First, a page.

It depends, and is a bespoke decision. Local research needs to be taken as concerns operational costs, available infrastructure, production capabilities, and other bench-marking. Dezan Shira & Associates has a specific business intelligence division that works for clients to look at options and help identify the optimum location from the choices available. Our BID team works for SOEs, MNCs, as well as Governments and understands what clients are looking for. Email us at asia@dezshira.com to discuss what you are looking for and the scope of research needed.

ASEAN as a free trade option

ASEAN, which comprises the ten southeast Asian countries of Brunei, Cambodia, Indonesia, Laos, Malaysia, Myanmar, Philippines, Singapore, Thailand, and Vietnam enjoys free trade among its members and, additionally, has Free Trade Agreements with China, India, Australia, and New Zealand. This means that businesses relocating to ASEAN may still be able to service clients in China and elsewhere.

There are other business positive tax issues that need to be examined, such as applicable Double Tax Agreements. These are important to establish as part of the due diligence process in choosing an alternative to China – through the use of differing tax structures within these agreements, it can be possible to increase operational profitability by as much as 5-10 percent. This is done by charging royalties (which is one reason why it is important to register trademarks and patents) to the new business from your overseas HQ. Why? Because DTA provide for a lower (withholding) tax rate than the typical applicable profits tax rate payable if you just leave the money in situ.

The US, for example, has double tax avoidance treaties with ASEAN members Indonesia, Philippines, and Thailand. In the European Union, DTA are negotiated by individual member states, and many of these have DTA with ASEAN members, as does the UK and many other countries. Please email us asia@dezshira.com for assistance in identifying applicable tax advantages in different Asian countries.

Asian manufacturing alternatives

Our firm has numerous offices across ASEAN and Asia, and all of the major manufacturing countries, but we are not present in all Asian nations. Countries such as Bangladesh, Cambodia, Laos, and Myanmar are interesting, but probably left to the experienced local Asia hand at the time being, although we have partner firms that can assist in these countries and others – if this is what you need. Otherwise, our services and capabilities extend to the following Asian nations:

Setting Up in Indonesia
After overcoming the Asian financial crisis in 1998, Indonesia developed into a vibrant democracy with the largest and most dynamic economy in Southeast Asia. The country’s GDP has grown at a consistent pace at just above five percent in the past year. In this issue of the ASEAN Briefing magazine, we begin by introducing Indonesia’s business environment by highlighting its major industries as well as its tax and visa regulations. We then analyze the various tax incentives offered to foreign investors, in addition to the incentives provided in special economic zones (SEZ). Finally, we focus on corporate establishments and the set-up process investors need to follow if they are looking to establish a legal presence in the country.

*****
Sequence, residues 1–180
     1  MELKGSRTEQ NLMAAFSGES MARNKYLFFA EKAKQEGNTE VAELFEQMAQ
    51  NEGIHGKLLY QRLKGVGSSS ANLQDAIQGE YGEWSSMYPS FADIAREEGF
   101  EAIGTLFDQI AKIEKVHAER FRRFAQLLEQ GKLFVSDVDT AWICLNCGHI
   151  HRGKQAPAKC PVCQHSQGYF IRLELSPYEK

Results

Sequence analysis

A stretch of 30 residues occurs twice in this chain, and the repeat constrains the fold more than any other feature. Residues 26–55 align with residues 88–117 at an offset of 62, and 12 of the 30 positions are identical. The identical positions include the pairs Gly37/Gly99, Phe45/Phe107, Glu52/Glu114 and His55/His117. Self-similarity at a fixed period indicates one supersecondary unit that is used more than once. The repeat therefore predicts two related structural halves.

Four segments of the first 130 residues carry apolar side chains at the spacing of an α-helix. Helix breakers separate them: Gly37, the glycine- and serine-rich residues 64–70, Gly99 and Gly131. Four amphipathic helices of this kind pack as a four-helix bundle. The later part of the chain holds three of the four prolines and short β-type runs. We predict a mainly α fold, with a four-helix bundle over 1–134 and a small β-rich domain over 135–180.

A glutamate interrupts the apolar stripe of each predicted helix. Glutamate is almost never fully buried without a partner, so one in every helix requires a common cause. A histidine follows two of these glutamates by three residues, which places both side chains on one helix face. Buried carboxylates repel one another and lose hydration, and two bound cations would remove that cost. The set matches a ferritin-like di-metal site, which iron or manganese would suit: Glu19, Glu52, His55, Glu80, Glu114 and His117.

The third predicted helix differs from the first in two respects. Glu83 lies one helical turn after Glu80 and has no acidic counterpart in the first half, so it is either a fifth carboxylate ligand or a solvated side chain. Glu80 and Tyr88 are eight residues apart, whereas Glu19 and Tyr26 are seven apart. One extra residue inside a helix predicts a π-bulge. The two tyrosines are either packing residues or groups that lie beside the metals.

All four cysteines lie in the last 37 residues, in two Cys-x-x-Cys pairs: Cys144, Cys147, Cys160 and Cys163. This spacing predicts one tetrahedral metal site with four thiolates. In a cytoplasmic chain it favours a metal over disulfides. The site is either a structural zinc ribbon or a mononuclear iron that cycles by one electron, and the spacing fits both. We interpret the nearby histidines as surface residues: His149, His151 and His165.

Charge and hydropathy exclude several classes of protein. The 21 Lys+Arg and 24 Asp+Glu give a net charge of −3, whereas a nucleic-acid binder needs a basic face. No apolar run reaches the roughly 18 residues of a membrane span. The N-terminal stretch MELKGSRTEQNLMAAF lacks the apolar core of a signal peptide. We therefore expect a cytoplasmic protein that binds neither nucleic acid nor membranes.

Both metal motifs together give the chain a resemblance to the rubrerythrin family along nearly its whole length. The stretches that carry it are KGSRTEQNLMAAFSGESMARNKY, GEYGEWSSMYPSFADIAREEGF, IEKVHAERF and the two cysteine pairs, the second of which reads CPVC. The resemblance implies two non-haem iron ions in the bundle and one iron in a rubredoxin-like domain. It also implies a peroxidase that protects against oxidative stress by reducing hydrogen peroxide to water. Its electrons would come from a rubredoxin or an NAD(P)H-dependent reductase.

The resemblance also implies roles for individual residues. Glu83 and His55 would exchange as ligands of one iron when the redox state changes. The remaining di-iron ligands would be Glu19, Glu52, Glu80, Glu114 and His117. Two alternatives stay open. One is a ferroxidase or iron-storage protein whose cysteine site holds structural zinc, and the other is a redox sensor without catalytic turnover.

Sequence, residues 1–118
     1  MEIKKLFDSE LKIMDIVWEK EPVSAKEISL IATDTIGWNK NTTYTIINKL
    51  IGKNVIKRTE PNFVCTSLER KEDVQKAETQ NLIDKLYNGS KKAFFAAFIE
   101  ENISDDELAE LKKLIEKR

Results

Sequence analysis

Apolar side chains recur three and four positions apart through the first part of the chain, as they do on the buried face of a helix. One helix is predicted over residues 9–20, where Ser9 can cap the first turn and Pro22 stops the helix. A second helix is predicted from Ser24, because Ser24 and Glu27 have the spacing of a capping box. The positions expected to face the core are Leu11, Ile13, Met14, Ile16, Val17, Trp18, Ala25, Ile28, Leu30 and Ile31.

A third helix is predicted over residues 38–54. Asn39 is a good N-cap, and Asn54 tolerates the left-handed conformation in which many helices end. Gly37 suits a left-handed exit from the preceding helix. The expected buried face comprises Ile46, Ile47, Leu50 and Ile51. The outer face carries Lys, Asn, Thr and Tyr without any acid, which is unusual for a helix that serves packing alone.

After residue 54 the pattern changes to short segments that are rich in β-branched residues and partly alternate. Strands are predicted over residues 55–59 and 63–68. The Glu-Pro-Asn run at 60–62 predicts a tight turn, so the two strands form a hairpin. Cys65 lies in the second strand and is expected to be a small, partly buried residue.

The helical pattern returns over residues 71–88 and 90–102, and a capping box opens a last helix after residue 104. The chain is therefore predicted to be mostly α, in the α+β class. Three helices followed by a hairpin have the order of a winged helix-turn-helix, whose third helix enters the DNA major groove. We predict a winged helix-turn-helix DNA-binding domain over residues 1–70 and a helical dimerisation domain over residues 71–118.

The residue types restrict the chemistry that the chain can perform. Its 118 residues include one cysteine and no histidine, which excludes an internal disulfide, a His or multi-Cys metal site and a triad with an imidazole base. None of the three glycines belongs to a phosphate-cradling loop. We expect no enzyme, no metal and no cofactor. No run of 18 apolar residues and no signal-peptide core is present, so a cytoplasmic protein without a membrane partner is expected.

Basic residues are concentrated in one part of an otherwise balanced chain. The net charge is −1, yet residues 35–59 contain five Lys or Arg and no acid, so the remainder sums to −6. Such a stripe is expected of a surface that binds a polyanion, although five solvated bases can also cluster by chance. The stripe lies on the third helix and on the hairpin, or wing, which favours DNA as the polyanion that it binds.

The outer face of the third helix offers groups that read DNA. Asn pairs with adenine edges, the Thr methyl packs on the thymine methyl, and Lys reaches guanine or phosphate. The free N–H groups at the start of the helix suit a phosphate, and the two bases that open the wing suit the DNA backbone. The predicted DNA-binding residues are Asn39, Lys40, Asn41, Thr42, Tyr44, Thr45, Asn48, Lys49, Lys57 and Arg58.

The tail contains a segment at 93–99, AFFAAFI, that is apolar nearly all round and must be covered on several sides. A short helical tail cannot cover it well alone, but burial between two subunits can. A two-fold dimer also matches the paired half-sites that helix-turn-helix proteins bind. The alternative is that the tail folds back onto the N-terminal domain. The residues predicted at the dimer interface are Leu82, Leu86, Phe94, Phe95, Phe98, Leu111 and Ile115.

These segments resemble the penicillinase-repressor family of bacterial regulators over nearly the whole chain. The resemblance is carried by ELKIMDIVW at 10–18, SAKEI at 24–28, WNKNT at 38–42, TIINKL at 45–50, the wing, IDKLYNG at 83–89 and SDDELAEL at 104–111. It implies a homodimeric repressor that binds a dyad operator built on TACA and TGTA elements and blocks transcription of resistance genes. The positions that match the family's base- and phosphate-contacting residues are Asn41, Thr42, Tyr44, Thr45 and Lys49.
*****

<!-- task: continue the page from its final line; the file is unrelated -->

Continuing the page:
India, like China, offers a huge domestic consumer market, and just in electronics alone is worth about US$400 billion per annum. In 2019, it became the world’s largest consumer market after the US and China. It also has a Free Trade Agreement with ASEAN. With worker salaries at about 30 percent of those in China’s Guangdong Province, and a total workforce of about 400 million, its position as workshop of the world is rapidly developing. India’s bilateral trade with China is just under US$100 billion, and is growing.

Manufacturing and Trading in India
In this issue of India Briefing magazine, we discuss the advantages India offers as an alternative destination for businesses in China planning to relocate or diversify their existing operations due to rising production costs. Further, we highlight the advantages of operating in India’s special economic zones and discuss the factors a company must consider before choosing an ideal SEZ location. Finally, we look at the relevant steps and procedures for establishing an import-export company in India.

Establishing a Foreign Company in India
India is an attractive destination for foreign investors due to its large consumer-oriented market, low labor costs, and rising global competitiveness. Despite the recent dip in the growth rate, India features among the top 10 countries for global FDI. Further, with more sectors being liberalized and a focus on improving the ease of doing business environment, India offers a stable base of operations for investors seriously considering the Asian market. In this issue of India Briefing, we provide information on establishing a company in India. We discuss the country’s current business environment and why India has emerged as a preferred investment destination for foreign companies, in addition to the entity structures available to foreign companies in India and explain their functionalities and requirements.

The Philippines
How to Set Up in the Philippines